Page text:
Tech Failures: What Can Brands Learn from Chaos at Chaayos
As the beverage chain battles through the facial recognition controversy, it is time for other brands to learn from tech failure and function conscientiously.
A year-old beverage franchise, ‘Chaayos’ has found itself caught in a controversy after it rolled out its facial recognition system at select stores. It was supposed to be a trial run before they would actually set up the system officially. However, keeping this information from the customers left them fuming about their privacy being compromised. They took to social media to express the same.
The entire purpose of setting up this system was to get away with the hassle of OTP verification. Chaayos co-founder, Raghav Verma, explained that the facial recognition system was reducing their service time from 20 minutes to 2 minutes. Their ‘loyaltea’ program would be a lot quicker with customers logging in easily, placing repeat orders and so on.
While Chaayos has assured that they had no intention of using biometric information for any other purposes, they faltered at maintaining transparency with their customers. This was chaayos’ response to twitter flak:
Facial Recognition failures across the world
Chaayos is not the only company to have gone through this disastrous turn of events. There was a major facial recognition failure where Amazon’s software wasn’t able to detect dark skin types and was considered racial. In fact, it was also passing racial comments.
To improve upon this, Google attempted to derive data from dark skin types by targeting them. There have been cases where facial recognition failed to classify transgender and non-binary people correctly. This seriously puts into question the ethics of data harvesting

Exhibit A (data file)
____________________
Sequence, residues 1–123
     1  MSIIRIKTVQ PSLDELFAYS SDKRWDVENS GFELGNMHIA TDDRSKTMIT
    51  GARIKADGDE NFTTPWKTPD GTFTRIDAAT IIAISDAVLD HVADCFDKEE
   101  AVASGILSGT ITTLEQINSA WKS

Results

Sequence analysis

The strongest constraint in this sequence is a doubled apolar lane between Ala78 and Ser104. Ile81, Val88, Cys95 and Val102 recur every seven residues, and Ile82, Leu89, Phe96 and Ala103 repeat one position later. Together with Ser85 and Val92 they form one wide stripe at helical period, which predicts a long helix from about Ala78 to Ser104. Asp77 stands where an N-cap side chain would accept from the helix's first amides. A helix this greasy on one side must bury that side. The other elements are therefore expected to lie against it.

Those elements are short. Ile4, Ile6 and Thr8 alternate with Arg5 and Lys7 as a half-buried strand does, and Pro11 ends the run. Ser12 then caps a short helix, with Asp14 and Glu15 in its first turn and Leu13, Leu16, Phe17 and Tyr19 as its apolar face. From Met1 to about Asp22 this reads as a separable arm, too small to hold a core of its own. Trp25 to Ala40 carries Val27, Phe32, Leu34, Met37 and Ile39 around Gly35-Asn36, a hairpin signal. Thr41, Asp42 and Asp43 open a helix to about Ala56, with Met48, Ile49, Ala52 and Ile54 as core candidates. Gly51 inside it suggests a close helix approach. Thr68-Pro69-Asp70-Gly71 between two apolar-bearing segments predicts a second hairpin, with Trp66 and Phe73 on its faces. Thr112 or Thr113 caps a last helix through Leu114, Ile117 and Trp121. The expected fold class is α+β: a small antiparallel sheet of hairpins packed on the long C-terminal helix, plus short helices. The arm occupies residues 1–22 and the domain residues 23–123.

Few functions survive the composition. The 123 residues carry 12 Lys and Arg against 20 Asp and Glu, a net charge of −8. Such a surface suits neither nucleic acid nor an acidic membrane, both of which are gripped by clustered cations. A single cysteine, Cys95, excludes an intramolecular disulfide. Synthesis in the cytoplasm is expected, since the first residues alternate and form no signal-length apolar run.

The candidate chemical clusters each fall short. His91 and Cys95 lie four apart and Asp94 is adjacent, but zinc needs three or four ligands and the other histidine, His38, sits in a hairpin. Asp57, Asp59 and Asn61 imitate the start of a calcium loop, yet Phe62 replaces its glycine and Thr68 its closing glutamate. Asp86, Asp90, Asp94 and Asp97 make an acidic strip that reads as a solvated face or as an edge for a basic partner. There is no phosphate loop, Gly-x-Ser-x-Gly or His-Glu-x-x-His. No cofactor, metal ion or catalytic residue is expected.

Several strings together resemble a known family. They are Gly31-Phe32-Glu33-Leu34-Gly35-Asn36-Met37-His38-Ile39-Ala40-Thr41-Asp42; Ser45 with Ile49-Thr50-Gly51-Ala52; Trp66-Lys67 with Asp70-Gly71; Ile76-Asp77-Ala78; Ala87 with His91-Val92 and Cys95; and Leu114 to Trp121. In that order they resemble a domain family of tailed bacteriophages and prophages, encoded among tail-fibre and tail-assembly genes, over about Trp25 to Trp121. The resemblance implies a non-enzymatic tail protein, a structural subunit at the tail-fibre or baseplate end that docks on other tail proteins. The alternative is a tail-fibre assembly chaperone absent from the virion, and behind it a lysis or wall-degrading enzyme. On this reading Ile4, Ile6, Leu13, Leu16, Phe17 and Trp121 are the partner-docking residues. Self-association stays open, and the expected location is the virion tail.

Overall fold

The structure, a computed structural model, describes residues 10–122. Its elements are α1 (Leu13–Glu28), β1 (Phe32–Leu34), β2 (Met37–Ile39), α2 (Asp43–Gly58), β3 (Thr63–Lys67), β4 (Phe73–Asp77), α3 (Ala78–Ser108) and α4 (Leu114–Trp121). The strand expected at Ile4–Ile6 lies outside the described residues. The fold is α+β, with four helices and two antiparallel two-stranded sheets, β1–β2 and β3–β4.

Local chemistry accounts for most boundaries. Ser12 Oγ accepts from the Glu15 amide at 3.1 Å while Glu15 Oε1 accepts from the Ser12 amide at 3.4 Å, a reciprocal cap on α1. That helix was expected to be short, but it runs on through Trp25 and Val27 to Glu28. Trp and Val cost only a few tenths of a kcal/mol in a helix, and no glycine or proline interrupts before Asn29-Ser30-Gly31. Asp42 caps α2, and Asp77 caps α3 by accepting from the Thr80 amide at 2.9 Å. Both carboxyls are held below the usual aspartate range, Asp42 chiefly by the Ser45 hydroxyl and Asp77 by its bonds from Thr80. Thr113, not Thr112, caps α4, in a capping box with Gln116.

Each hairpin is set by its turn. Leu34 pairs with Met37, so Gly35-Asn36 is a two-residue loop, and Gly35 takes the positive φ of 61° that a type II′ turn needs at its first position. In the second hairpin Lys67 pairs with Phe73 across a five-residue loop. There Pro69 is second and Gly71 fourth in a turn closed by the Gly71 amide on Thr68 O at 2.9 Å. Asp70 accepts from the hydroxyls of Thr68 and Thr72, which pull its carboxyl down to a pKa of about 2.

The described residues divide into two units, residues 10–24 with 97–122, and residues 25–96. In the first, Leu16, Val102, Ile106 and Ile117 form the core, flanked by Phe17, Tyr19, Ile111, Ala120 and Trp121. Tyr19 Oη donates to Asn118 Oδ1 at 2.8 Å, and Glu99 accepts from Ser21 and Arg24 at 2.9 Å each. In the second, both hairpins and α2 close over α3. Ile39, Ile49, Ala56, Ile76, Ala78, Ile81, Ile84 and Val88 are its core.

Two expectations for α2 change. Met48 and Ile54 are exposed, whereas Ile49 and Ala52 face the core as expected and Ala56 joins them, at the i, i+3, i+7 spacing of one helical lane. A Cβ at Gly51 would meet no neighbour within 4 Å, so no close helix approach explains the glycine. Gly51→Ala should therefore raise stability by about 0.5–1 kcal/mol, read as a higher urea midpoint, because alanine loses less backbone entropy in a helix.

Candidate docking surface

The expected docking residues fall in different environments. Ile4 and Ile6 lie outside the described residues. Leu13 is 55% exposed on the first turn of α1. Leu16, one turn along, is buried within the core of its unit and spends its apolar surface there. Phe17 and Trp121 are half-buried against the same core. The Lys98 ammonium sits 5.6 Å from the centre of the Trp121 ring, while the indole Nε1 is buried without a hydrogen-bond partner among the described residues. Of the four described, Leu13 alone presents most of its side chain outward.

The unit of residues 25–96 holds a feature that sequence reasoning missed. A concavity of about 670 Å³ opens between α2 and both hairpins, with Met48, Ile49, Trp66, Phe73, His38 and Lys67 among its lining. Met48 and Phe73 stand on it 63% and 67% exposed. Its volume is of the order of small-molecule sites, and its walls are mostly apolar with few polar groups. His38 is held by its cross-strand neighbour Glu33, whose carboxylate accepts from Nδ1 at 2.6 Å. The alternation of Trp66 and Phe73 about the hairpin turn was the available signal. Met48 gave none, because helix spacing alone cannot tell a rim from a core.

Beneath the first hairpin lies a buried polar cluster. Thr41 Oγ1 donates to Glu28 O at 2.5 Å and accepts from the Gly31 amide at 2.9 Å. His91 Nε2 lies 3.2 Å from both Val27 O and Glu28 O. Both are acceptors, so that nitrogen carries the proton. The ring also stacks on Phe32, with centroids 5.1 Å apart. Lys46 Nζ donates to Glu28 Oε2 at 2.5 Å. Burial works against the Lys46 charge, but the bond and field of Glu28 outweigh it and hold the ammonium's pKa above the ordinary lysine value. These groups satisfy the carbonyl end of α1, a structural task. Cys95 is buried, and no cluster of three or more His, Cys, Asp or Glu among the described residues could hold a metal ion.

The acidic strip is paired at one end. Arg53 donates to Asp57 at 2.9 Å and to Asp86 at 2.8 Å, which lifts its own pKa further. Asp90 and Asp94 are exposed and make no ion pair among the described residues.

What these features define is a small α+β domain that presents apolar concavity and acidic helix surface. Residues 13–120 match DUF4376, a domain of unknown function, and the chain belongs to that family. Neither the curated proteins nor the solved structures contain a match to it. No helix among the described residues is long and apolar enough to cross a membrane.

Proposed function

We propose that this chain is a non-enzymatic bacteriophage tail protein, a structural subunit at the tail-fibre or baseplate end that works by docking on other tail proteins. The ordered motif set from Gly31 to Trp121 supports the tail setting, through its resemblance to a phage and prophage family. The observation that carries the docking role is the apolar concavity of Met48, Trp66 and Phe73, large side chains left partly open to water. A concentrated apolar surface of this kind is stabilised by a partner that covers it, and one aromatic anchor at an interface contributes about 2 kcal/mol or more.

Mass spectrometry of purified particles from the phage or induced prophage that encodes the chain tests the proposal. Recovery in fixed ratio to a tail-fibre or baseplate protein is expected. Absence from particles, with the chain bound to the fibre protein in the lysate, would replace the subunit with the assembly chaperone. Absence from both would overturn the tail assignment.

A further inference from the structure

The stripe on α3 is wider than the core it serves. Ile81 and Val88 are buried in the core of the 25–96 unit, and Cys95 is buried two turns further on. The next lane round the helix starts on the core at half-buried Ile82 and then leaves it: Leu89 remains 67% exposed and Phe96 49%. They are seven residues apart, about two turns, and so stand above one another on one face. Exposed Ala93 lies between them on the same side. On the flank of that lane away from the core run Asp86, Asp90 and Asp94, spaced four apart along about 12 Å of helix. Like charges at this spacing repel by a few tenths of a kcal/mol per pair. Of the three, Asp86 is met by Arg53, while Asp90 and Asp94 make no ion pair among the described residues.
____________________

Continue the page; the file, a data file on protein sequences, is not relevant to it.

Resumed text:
A while back, the London Police tried to use a facial recognition system but failed miserably as it was wrong 80% of the time. With regard to India, there have already been talks on setting up facial recognition at airports and using it to find missing children.
While the intention behind setting up this system is noble, technology firms need to be really careful. They are dealing with sensitive data that must be secured well.
What can Brands learn from Chaos at Chaayos:
The business world is under constant competition with their fellow brands and at times they might forget about the human angle in their field of work. Chaayos’ attempt at increasing speed processing of data was completely based on improving customer experience. What they didn’t realize is that the software takes in very personal data and if the customers aren’t made aware of it they will put forward their privacy concerns. The promotion at Chaayos read “ Why put numbers through when we can recognize you” which sparked the controversy. Attaining personal data of people without their consent is unlawful.
Ensuring the Accuracy of the system
For enterprises that are using the facial recognition system and providing a disclaimer, ensure that your system is accurate. If your system fails to perform when there is a slight change in appearance, it can be very embarrassing for the individual. There is also a possibility of the system recognizing the person as someone else which discredits its use in your enterprise.
Creating enough data storage
Since you will be acquiring a huge amount of data, you must have enough storage for it. This kind of data is very sensitive and should be handled with tightened security. If your organization is not able to get a high level of storage then you should not consider setting up a facial recognition system. Be sure to save this data properly and use it only for the required purposes.
What does Indian Law Say?
Ever since the Right to Privacy was made a fundamental law, various cases of a data breach such as the Aadhaar controversy could be questioned. When it comes to data, there has been a constant effort in pushing a Data Protection Bill for a year now.
With the pegasus privacy breach on the journalists’ front and facial recognition failures on the organizational front, the rallying for this bill gets stronger.
Now, the Chaayos controversy pushes the need for a data privacy law more aggressively.
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